Congratulations, you’re a COO! Now what?
If you’re the COO of an organization, chances are you’ve already demonstrated that you’re an operations guru. You’re the go-to person to get the job done. Your attention to detail is surpassed only by your ability to multi-task and you’re the happiest making order out of chaos.
But, as Marshall Goldsmith said, “What got you here, won’t get you there.” Becoming an effective COO depends on letting go of what made you an operations phenomenon and embracing new skills like strategic thinking, delegation, and number crunching.
The role of COO varies greatly from one organization to another. Here we look at some common archetypes and offer market insights and practical tools to help in each category:
This is a counselor, or advisor, to the boss. Not quite the same Mafia-style role as “The Godfather,” but pretty darn close. For a CEO and COO to become a successful one-two punch they need to compliment each other’s skills and divide and conquer. The best leadership teams set a shared strategy which is then converted into actionable, operational steps by the COO.
The best leadership teams set a shared strategy which is then converted into actionable, operational steps by the COO. Tweet This Quote
Take time to get to know your CEO on a deeper level and establish a shared mode of communication. For a great way to connect on a human level, try the CONNECT questions game. For your own career development, be authentic about what you want to accomplish and encourage your CEO to clearly articulate their expectations and how you can achieve them in his or her eyes.
There are dirty jobs, and someone’s gotta know how to do them—and that someone is you! The days of being in the trenches and performing day-to-day operations may be over, but this is where you draw on that knowledge. Your role is to ensure that you have the right people in the right roles with the right resources to achieve organizational greatness.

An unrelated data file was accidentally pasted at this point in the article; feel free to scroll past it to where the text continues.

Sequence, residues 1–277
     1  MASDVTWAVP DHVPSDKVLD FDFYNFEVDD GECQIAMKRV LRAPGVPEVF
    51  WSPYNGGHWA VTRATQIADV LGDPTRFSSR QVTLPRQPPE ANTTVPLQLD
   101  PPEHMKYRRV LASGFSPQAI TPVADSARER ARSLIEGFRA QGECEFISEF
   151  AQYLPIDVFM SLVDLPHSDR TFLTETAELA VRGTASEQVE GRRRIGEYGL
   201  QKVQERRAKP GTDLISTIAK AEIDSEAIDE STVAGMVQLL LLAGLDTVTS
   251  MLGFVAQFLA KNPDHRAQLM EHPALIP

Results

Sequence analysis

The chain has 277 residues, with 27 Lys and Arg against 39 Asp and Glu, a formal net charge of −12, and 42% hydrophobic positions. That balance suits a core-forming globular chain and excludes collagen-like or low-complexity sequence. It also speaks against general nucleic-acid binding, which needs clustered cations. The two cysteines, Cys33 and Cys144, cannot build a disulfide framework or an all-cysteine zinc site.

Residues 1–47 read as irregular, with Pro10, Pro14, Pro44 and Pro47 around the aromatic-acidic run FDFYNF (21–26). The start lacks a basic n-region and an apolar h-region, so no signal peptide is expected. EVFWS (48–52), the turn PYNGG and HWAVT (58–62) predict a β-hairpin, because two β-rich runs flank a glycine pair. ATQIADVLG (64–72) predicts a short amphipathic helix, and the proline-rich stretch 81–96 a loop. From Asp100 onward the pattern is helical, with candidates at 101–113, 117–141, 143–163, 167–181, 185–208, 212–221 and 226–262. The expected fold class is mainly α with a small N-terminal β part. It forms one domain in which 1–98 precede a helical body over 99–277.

Taking the time to map the processes in your business is critical to creating a self-sufficient team and identifying where costs can be eliminated. Six Sigma theory, popularized by Jack Welch (General Electric) in the 90s, is still a great framework for operational efficiency. Many of these principles have since been adapted for modern-day startups in The Lean Startup by Eric Ries.
Time to get in touch with your nurturing side and know thy people! Being a successful COO means taking care of your most valuable asset—your work family. Make sure that you know what each member of your team wants to accomplish and how you can help get them there.
The COO’s mantra is “always be recruiting.” Tweet This Quote
There are many performance management templates out there but what really matters is the delivery. Here’s an interesting article from Stanford’s Graduate School of Business on how to give and receive effective performance feedback.
Remember that the COO’s mantra is “always be recruiting.” Good talent is hard to find so when it finds you, get creative and find a way for them to add value to your business.
The Bean Counter
Even if your organization has a CFO, you’ll probably be responsible for setting up data management tools. The old adage that you can’t manage what you don’t measure still holds true.
You can’t manage what you don’t measure Tweet This Quote
Work with your team to identify key performance indicators (KPIs), drilling down until you get to the real drivers of your business. I like the practical advice from these entrepreneurs on this topic, or, for a more theoretical understanding of what you choose to measure, check out this Harvard Business Review article.
The COO wears many hats, which is what makes it a challenging and stimulating role. For more thoughts on what makes an effective COO, check out EY’s “The DNA of a COO.”
We’ve also pulled together this cheat sheet with the help of other COOs to provide a potential task list if you’re new to your role. We’d love to hear from you on what’s missing from this list and share other useful tools in the comments section.